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Your Used Car is a lemon; what do you do?

  • By 7019105660
  • 15 Jun, 2017

Express and Implied Warranties and You...

  The warranty protections in this article apply to any goods you purchase but for some reason cars seem to generate most of the un-happy consumers. I worked a long time in Peoria and got to know the car dealers in a way where they weren’t fans of mine.


  One client had a matter where the Express Warranty provision of the Uniform Commercial Code found at Chapter 810 Illinois Compiled Statutes Section 5/2-313 applied. He was buying a used car and was concerned about and specifically asked whether it was or wasn’t a former rental car. He did not want to buy a former rental car due to the wear they endure. The dealer said it was not. In this was in the pre “CARFAX” era but the client actually was able to track the title history of the car and it was a former rental car. The dealership’s statement on the rental car question was as the statute says an affirmation of fact made by the seller to the buyer which relates to the goods (the car) and becomes a basis of the bargain. My client wanted out of the deal. We set a meeting with the dealership less than a week after receiving the vehicle. We went in and when I introduced myself as an attorney within an hour we got the original car back, returned the former rental car and got the load repaid to the lender.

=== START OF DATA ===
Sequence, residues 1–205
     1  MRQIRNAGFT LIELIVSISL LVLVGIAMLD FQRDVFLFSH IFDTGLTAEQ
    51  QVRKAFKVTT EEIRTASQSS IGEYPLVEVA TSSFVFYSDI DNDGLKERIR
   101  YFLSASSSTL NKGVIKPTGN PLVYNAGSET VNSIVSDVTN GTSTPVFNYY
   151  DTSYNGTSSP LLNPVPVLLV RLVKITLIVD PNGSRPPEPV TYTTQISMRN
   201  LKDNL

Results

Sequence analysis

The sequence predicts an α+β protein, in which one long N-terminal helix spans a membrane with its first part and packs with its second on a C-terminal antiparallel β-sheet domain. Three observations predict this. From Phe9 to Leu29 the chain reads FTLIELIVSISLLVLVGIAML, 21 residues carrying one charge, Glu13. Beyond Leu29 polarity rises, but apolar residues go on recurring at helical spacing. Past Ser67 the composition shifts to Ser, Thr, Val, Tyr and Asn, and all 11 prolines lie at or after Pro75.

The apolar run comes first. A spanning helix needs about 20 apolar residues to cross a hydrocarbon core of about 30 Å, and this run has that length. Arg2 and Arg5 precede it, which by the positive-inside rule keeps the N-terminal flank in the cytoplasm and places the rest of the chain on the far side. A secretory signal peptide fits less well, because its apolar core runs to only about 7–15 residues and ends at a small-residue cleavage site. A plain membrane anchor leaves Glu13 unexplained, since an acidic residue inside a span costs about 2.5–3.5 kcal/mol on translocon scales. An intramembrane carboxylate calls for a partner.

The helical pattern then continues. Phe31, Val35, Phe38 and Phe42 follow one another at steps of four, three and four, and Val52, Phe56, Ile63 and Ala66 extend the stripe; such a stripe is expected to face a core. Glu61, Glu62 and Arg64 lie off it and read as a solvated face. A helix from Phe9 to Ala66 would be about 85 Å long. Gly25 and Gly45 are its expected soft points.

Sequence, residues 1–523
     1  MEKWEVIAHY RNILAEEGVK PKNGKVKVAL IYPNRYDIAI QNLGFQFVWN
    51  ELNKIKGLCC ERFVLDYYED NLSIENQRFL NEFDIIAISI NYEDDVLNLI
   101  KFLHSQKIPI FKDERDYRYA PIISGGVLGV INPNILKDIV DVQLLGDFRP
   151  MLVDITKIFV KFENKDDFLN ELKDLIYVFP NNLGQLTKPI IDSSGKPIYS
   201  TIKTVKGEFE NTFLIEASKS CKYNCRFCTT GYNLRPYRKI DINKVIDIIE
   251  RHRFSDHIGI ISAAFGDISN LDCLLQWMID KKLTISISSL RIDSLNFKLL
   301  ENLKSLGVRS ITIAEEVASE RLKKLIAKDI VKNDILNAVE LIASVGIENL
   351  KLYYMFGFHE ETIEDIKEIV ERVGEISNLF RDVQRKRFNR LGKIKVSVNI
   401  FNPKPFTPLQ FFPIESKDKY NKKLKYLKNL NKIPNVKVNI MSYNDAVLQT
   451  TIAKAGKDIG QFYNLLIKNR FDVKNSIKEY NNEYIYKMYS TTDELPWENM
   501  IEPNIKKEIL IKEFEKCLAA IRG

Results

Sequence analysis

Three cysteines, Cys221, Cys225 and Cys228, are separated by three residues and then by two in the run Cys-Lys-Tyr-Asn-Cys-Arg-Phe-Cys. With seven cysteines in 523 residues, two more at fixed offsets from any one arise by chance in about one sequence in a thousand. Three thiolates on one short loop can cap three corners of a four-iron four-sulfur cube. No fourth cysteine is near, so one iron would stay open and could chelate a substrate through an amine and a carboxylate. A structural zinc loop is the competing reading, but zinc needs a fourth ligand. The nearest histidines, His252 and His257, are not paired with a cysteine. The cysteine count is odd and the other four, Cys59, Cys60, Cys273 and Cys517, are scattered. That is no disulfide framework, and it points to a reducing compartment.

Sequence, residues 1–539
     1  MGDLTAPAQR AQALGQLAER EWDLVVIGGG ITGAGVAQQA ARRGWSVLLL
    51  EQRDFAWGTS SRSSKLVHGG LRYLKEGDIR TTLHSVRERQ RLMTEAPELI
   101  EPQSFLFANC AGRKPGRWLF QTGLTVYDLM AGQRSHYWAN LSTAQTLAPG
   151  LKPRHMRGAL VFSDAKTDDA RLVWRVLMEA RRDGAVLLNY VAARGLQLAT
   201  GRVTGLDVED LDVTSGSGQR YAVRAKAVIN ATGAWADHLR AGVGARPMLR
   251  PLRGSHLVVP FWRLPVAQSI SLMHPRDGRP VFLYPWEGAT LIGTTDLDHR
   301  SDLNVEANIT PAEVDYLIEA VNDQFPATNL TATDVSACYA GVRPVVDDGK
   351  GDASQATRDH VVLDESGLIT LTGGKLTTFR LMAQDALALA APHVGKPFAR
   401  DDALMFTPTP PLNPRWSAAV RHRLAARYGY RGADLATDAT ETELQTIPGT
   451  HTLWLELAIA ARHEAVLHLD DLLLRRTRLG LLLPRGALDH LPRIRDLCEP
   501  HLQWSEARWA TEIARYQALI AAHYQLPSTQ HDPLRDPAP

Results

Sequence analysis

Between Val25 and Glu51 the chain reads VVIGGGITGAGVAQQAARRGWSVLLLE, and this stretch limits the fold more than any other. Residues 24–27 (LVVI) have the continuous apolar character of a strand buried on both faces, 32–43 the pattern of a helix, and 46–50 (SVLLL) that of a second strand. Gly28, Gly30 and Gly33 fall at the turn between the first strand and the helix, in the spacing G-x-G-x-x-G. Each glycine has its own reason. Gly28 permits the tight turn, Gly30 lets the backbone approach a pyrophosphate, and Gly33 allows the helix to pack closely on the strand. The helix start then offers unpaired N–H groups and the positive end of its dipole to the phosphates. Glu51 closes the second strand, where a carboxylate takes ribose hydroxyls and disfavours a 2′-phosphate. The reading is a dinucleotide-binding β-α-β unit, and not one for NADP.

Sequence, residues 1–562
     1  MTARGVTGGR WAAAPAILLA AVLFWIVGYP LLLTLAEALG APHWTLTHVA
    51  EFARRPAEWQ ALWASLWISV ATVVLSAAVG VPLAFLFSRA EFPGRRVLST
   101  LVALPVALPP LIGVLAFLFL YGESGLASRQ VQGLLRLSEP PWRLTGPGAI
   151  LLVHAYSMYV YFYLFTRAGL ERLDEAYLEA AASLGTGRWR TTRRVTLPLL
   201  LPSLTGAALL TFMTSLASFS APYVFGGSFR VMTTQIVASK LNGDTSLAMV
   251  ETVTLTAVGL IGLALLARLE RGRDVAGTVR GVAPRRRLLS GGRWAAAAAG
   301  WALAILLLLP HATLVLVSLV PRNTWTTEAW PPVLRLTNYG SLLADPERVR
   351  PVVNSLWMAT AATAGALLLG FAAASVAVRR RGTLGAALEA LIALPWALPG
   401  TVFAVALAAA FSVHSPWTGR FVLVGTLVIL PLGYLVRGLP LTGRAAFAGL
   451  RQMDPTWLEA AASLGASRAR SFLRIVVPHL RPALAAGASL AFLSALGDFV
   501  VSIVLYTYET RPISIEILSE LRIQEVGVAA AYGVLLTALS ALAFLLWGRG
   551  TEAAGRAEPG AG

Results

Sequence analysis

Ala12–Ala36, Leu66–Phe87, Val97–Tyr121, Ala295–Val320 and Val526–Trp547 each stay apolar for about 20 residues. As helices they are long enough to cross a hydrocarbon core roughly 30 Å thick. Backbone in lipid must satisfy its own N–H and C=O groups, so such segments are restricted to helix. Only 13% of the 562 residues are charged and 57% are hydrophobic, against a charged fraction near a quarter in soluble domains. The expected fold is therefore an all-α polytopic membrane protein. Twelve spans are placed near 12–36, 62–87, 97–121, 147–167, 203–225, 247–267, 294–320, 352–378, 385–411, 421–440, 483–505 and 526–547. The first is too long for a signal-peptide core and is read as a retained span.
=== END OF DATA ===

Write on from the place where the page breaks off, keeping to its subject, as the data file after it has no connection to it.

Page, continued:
The “Implied Warranty of Merchantability” is found the Uniform Commercial Code Section found at Chapter 810 Illinois Compiled Statutes Section 5/2-314. This “Implied Warranty of Merchantability” in plain English is if you buy a car from a dealer the car should be “fit for the ordinary purposes for which such goods are used”. Meaning if you’ve done nothing to damage the car yourself it should be drivable.


  Another statute provides a specific statutory warranty for the Power Train of the Vehicle purchased found at Chapter 815 Illinois Compiled Statutes Section 505/2L. This is the Consumer Fraud Act and it provides for a thirty (30) post purchase period of liability to the car dealer for a percentage of the cost of repairing a damaged Power Train. The percentage goes down with the age of the car, if it is less than 2 years old it is fifty percent (50%) and by the time we are dealing with a car over 4 year old there is no liability.